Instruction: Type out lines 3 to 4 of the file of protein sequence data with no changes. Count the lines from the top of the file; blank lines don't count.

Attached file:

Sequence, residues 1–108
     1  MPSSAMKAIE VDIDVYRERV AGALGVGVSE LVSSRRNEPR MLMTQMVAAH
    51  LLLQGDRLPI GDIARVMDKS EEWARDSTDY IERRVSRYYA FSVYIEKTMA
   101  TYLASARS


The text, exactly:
    51  LLLQGDRLPI GDIARVMDKS EEWARDSTDY IERRVSRYYA FSVYIEKTMA
   101  TYLASARS